a directional coupler for HF and lowband VHF
by ralph klimek VK3ZZC
motivation for yet another device for measuring impedance was
dissatisfaction with my homemade SWR detector that was producing
completely misleading results above 20Mhz and was proving useless
at 50Mhz. This SWR monitor was made with a line sampler of
made from ferrite cores. Bleah. The coupling was a very strong
function of frequency and planetary alignment. I wanted something
that was determined by fixed GEOMETRY , first principals and nothing
else. This requires a true multi-axial line sampler and decent metal work.|
The construction is somewhat reproducible because it uses commercial off the shelf (COTS) metal extrusions and standard components. By some wonderful coincidence the theoretical impedance of the main line would be within 5% of 50 OHMS. However, that came from a table of standard line section impedances that cannot take into account the disturbing effect of the sampling line and the slot. The sampling line also requires accurate termination before meaningful measurements can be acquired. Determination of the sampling line impedance from tables is fraught with danger due to the disturbing effect of the mainline. This sampling line would have to be calibrated somehow. I made the deliberate choice of COPPER for the line elements. This was chosen soley for the ability to solder the electrodes to it. My original slotted line apparutus suffered somewhat for the inability to make good electrical connections to aluminium.
The top cover of my coupler was originally intended to be completely covered to eliminate the slot. The slot is an unwanted artifact of having to use commercial off the shelf extrusions which allways conspire to be the wrong size ! But now I have second thoughts. The precision of my perspex sheet insulators was sufficiently good that maybe the slot could be used as the slot in a slotted line apparutus for UHF. Why not ? I do like slotted lines having made a really nice one about thirty years ago and long before played with Lecher Lines for frequency measurement in the days before I had biult my DFM. Yes, indeed. Next little project will be a inductive probe and slider arrangement. The perspex insulators will need a little slot cut for the pickup loop. Later I did precisely this. See below.
What I really needed to calibrate my line was a vector voltmeter. One day, I hope, the Great Cargo Gods will leave a HP vector voltmeter for me in a dumpster somewhere, stranger things have happened. But, in the meantime...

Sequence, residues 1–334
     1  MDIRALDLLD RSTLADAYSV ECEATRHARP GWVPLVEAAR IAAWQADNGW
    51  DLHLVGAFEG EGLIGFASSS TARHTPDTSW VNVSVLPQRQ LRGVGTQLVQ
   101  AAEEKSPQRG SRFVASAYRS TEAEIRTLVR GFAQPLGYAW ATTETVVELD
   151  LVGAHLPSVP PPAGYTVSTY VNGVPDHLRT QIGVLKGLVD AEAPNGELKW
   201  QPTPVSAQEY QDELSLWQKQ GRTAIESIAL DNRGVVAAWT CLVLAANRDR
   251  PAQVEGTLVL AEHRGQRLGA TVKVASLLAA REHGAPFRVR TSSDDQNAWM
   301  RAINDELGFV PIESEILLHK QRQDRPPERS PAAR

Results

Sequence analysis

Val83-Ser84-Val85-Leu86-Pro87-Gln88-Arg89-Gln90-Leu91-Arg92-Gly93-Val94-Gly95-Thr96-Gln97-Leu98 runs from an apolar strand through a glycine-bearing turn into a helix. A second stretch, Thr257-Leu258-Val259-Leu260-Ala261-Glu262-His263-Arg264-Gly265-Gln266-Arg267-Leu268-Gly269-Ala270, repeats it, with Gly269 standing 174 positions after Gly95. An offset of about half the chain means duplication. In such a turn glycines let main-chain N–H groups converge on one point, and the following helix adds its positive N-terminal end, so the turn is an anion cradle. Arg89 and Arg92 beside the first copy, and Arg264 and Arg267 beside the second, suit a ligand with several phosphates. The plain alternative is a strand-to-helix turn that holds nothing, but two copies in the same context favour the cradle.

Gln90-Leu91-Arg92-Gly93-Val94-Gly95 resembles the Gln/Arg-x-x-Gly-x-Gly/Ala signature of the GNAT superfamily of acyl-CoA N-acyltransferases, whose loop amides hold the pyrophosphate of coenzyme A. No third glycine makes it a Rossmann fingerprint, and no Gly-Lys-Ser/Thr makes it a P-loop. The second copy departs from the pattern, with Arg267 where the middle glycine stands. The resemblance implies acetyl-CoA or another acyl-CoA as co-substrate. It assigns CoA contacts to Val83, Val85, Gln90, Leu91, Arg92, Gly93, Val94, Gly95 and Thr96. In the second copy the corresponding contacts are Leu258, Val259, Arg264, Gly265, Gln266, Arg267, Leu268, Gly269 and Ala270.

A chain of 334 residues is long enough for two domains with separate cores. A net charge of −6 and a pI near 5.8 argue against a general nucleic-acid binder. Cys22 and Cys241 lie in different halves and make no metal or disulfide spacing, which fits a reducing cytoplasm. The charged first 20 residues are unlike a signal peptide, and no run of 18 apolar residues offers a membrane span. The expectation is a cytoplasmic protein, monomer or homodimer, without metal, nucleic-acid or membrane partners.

Calibrating my coupler.
It can be done without a VNA or vector voltmeter ! Heres How !
This method absolutely astonished me, that it was possible with using nineteen seventies vintage equipment that had been scavanged from dumpsters and flea markets. I had a early 70s vintage pulse generator and a 100Mhz scope. The pulse generator was easily repaired as it used only discrete components. It has a believeably good rise time specd at 5 nanoseconds. It used a tunnel diode pulse shaper. Remeber tunnel diodes ? Probably not as they became a forbidden technology along with the Backward Wave Oscillator. (Paranoid, delusional conspiracy theory warning !) in the 80s. Could I use time domain reflectometry to calibrate my coupler ? It is a big ask. I have to be able to observe the time of flight of light itself along the length of the coupler. It is only half a meter long, the time of flight is only about 2 nanoseconds. That is not a lot time !
In the TDR principal, I have to launch a well formed pulse, trigger a scope, the pulses' leading edge travels to the remote end of the line, is reflected back along the line and is absorbed in a 6dB attenuator after being displayed on the scope. Would this remarkable signal be visible/discernable on my primitive equipment ? It was ! If the reflected pulse was to be absorbed by the CORRECT termination then there would be NO reflected pulse as mandated by the Laws of Physics. In my workshop, we obey those laws. Thus was born my precision variable resistor. It is nothing more than a 100 ohm carbon miniature pot mounted in a nice little brass box that was also salvaged from a dumpster at work. All internal connections was performed with large sections of brass shim stock to minimise as much stray reactance as possible.